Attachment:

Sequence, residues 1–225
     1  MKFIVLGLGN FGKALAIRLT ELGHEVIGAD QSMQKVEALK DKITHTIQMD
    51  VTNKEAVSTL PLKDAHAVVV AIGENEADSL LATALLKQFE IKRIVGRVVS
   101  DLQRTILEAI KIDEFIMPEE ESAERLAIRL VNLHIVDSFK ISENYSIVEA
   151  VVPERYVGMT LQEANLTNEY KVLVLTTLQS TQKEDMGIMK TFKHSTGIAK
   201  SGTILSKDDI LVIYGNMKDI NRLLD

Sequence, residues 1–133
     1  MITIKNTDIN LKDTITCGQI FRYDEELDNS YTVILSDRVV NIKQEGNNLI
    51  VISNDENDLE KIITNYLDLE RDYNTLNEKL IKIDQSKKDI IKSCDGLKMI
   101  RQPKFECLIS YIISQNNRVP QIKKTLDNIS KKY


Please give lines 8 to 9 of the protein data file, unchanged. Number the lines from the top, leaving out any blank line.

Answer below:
     1  MITIKNTDIN LKDTITCGQI FRYDEELDNS YTVILSDRVV NIKQEGNNLI
    51  VISNDENDLE KIITNYLDLE RDYNTLNEKL IKIDQSKKDI IKSCDGLKMI